Minnesota State Lottery Director Ed Van Petten abruptly resigned Friday after a Star Tribune inquiry found that taxpayers had reimbursed Van Petten for staying in his own timeshare unit when traveling.

“He’s resigned. That speaks for itself,” said Gov. Mark Dayton, who added that he would have asked for the resignation if Van Petten had not offered it.

Van Petten had been reimbursed for more than $7,000 after he and his staff stayed at his personal timeshare units during conferences in Las Vegas, Atlantic City and New Orleans, lottery travel records show.

The reimbursements appear to violate a state policy that forbids employees from being “reimbursed for staying at the house of a relative, friend, or personally owned property,” according to Minnesota Management and Budget, the state’s budget office.

Van Petten initially defended the timeshare arrangement in an interview, but he reversed course Friday morning after a meeting with Dayton’s chief of staff.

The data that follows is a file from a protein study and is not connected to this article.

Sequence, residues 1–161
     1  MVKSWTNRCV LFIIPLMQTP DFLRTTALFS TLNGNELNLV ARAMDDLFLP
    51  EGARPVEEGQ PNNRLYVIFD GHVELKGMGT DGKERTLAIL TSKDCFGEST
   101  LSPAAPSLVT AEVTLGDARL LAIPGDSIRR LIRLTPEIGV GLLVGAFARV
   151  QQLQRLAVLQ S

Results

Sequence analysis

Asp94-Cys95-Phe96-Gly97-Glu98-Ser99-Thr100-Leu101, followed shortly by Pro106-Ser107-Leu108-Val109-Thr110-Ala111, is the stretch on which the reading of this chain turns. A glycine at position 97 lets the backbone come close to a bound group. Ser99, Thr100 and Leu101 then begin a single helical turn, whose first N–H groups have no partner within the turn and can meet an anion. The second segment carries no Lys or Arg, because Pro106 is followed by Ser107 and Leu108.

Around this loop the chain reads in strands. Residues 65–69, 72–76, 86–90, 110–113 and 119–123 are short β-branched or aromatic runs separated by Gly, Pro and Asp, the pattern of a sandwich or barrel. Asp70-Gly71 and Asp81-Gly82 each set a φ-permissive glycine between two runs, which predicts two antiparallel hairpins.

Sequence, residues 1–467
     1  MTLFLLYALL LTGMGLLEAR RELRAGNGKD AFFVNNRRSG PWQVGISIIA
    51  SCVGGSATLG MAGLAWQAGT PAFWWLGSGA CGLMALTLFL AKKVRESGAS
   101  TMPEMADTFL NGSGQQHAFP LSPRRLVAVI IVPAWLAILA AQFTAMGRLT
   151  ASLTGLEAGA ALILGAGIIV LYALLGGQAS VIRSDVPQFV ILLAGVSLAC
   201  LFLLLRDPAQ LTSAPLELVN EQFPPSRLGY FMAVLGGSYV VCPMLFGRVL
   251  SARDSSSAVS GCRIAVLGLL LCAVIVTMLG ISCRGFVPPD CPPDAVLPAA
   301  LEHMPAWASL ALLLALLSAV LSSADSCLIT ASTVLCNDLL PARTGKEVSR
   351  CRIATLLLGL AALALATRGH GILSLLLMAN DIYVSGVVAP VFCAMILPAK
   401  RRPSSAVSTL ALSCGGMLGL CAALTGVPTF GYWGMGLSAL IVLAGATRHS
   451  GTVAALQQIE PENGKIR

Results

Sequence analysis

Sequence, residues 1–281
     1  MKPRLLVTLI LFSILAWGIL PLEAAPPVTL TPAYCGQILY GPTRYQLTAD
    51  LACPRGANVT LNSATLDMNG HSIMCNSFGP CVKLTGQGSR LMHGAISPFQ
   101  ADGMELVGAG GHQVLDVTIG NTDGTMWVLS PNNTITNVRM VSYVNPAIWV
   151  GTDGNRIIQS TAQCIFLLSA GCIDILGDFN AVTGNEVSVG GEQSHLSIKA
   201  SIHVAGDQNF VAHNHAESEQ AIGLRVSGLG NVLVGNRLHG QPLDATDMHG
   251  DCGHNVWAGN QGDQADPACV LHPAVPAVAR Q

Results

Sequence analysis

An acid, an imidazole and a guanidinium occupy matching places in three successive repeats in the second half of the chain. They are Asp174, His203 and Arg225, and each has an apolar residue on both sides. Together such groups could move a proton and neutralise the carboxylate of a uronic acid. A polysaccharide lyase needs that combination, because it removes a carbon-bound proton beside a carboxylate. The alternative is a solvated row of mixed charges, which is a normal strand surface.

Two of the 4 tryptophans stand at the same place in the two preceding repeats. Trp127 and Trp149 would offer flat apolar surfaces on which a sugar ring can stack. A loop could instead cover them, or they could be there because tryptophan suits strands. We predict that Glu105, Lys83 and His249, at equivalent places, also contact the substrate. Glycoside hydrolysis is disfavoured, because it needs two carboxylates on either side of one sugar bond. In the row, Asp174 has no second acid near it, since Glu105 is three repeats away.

“I made a mistake. I don’t want to embarrass the governor,” said Van Petten, who made $117,721 a year. “He’s been wonderful to work with. So I submitted my resignation and they accepted.”

In a brief resignation letter, he praised his lottery colleagues and said he was proud to work with them.

The Minnesota State Lottery is already facing scrutiny in court and by legislators after a wrongful termination lawsuit by a former top official raised the issue of excessive alcohol use at out-of-state conferences and meetings.

House Speaker Kurt Daudt, R-Crown, said in a statement that Dayton “needs to prove to Minnesotans that [he] has controls in place to prevent hand-picked department heads from inappropriately spending taxpayer dollars.”

A visibly angry Dayton defended his administration at a news conference, saying the resignation was deflecting attention from the good work of the vast majority of state employees.

“Is this an indication of some systematic failure of fiscal oversight in the state of Minnesota? I would say absolutely not.” He added that, “99.99 percent” of state workers are doing a fine job and upholding the state’s rigorous ethical standards.